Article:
The amendment by Dominic Grieve and allowed through by the Speaker, John Bercow, has not forced the anti-Brexit pace in Parliament into a gallop, more like a bit of a trot.


Now, it seems that the grand plan by the Speaker, John Bercow, and the Tory Remainer and former Attorney General, Dominic Grieve, has come unstuck, reports Guide Fawkes.

Although Theresa May will be forced to table her new Brexit plan B on Monday the 21st January, because of Grieve's amendment that Bercow broke the rules of precedent to allow MPs to vote through, it appears there is a loophole that the Leader of the House, Andrea Leadsom, has used that allows the debate and vote on it to be delayed until Tuesday the 29th January – another week nearer to Brexit Day.

Leadsom has importantly though, also delayed bringing Brexit legislation forward that supports our exit from the EU.

Now, this does prevent anti-Brexit MPs trying to add all sorts of Brexit breaking amendments to these bills, which include the trade bill, the financial services bill and the immigration bill.

But there is very little time left to get these through the system and to Royal Assent. The Justice Secretary, David Gauke, told the BBC that the government only had days before they run out of parliamentary time to do this.

Now, the PM is, it seems, determined to push her deal through.

Maybe she's using these new inter-party discussions she started last night as a sort of cover to give her something to table next Monday and then let the ticking clock apply pressure on MPs who are terrified of the no deal option that she has hoisted above Downing Street for all to see.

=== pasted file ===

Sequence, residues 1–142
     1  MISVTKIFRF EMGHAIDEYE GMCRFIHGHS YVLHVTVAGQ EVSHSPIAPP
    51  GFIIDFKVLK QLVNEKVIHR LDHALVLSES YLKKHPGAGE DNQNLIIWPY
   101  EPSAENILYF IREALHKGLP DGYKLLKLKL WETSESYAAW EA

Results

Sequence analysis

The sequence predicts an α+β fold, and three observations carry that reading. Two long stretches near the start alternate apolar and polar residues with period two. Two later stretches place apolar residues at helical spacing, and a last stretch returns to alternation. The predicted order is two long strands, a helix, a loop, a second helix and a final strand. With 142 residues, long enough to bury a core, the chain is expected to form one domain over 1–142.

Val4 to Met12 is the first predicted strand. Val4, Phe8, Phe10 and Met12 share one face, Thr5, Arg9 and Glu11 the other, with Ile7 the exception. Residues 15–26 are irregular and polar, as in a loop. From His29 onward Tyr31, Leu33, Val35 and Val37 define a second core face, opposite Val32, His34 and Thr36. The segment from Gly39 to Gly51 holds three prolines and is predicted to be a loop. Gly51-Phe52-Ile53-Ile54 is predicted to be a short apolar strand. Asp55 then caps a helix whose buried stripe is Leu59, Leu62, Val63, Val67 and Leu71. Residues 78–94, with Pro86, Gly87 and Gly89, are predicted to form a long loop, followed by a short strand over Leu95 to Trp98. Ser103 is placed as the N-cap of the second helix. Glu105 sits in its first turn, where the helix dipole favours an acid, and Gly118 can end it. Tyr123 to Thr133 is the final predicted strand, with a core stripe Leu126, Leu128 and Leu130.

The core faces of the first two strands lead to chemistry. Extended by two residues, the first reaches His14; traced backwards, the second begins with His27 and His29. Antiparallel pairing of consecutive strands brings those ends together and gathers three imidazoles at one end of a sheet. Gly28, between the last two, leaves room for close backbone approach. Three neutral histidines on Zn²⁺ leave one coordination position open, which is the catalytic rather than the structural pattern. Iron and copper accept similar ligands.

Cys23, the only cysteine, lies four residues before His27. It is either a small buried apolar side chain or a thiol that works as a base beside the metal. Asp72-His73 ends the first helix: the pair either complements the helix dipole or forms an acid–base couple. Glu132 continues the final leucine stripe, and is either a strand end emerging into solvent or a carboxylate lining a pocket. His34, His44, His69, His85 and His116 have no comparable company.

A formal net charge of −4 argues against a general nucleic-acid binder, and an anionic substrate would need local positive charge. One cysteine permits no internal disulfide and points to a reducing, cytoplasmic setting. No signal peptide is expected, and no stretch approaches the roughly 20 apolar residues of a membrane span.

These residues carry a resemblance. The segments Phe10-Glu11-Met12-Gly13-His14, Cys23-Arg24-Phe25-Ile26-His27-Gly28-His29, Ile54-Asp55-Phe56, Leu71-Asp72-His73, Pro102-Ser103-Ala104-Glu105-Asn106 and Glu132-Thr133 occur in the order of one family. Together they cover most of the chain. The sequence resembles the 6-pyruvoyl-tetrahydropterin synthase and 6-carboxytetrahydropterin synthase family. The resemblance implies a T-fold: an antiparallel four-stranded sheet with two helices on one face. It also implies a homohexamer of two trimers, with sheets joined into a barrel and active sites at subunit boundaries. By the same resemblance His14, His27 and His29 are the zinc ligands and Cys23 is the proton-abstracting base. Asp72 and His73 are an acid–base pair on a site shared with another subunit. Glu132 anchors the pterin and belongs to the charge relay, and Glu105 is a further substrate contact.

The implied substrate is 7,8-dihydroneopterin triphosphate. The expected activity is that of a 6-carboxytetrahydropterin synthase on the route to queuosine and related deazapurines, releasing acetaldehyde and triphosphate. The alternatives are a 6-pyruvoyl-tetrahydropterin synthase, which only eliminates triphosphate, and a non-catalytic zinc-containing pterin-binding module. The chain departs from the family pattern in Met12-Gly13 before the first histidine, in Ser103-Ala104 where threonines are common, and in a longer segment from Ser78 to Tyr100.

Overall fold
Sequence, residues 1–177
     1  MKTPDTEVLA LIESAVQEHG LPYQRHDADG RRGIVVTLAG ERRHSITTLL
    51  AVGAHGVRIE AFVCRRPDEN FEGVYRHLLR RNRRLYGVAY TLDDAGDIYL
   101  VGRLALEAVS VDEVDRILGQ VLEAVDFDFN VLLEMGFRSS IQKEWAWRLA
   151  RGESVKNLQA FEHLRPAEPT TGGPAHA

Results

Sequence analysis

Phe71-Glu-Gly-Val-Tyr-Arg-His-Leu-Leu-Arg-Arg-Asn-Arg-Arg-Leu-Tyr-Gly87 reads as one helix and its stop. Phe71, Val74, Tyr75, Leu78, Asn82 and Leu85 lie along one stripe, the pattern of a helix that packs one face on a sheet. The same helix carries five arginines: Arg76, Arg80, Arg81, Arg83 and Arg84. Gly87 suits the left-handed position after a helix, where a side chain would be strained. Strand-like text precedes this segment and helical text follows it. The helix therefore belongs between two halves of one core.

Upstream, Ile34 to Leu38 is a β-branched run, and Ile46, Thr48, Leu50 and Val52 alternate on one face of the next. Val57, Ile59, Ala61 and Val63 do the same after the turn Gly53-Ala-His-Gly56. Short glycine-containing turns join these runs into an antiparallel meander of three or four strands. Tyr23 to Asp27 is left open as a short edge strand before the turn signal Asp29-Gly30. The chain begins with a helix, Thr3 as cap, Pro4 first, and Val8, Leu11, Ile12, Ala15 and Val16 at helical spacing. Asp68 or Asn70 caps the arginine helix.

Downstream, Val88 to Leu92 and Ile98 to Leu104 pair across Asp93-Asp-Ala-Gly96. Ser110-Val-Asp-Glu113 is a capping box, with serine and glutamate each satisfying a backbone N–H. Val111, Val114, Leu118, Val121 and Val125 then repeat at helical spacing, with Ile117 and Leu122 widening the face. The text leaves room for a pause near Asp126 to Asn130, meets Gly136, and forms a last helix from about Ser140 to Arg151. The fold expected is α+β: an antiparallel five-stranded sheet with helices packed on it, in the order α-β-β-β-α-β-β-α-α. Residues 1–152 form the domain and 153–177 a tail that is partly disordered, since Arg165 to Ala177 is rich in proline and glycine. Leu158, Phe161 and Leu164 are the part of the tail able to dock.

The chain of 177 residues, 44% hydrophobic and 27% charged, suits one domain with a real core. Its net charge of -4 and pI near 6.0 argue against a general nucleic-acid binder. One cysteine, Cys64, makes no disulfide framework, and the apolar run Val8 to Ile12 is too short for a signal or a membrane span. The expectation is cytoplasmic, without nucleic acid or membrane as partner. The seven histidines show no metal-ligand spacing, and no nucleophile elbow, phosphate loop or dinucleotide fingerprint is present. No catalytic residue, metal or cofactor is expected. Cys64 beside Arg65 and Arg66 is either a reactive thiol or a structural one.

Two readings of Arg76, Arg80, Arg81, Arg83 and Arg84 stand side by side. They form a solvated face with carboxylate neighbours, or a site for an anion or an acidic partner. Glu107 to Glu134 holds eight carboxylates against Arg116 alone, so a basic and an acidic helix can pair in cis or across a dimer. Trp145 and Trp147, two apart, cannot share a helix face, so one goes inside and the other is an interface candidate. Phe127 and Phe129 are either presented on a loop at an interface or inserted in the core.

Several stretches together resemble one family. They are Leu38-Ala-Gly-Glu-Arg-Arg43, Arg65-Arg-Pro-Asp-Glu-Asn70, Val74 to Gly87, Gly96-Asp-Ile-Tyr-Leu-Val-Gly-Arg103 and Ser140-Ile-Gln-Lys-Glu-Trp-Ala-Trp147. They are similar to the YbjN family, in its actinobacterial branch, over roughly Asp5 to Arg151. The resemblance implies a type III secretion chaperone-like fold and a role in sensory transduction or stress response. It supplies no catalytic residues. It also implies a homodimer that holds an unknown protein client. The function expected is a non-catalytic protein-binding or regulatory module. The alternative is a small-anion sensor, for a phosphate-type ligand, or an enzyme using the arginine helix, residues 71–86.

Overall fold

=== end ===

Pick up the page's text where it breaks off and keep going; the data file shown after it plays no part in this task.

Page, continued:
Then, if she can wear the house down far enough to win a vote on her deal, she might be thinking that the further legislation required would be easier to get through – apart from the actions of any Brexiteers of course.

The trouble is that this legislation is also needed for a no-deal WTO exit from the EU. So surely any delay now, would make it easier for Remainers to sabotage the passage of that legislation? Even if MPs sat at weekends and cancelled the February mid term break.

At some stage it will become technically impossible to get all the laws in place in time to cover a no-deal exit and, crucially, this point in time could come before the point at which legislating for May's deal becomes impossible, as the legislation needed for her deal is a bit less complex than for no-deal.

The Remain side does of course know this and understands the repercussions. They may not be as worried about a delay as we would think. They may be thinking that the pressure is being applied the other way, in the belief that no-one would choose to leave without legislation in place. So, if they string it out it long enough they may think that the PM will be forced to go to the EU for an extension to Article 50.

Whereas Theresa May thinks she can cow enough of the Remainers into submission to accept her deal with the threat of a no deal exit – even one not backed by the missing legislation.

As has been said before, are we now seeing a complex situation reduced to a game of chicken? But with loads of cars all hurtling towards the same spot with an outcome of many, many permutations.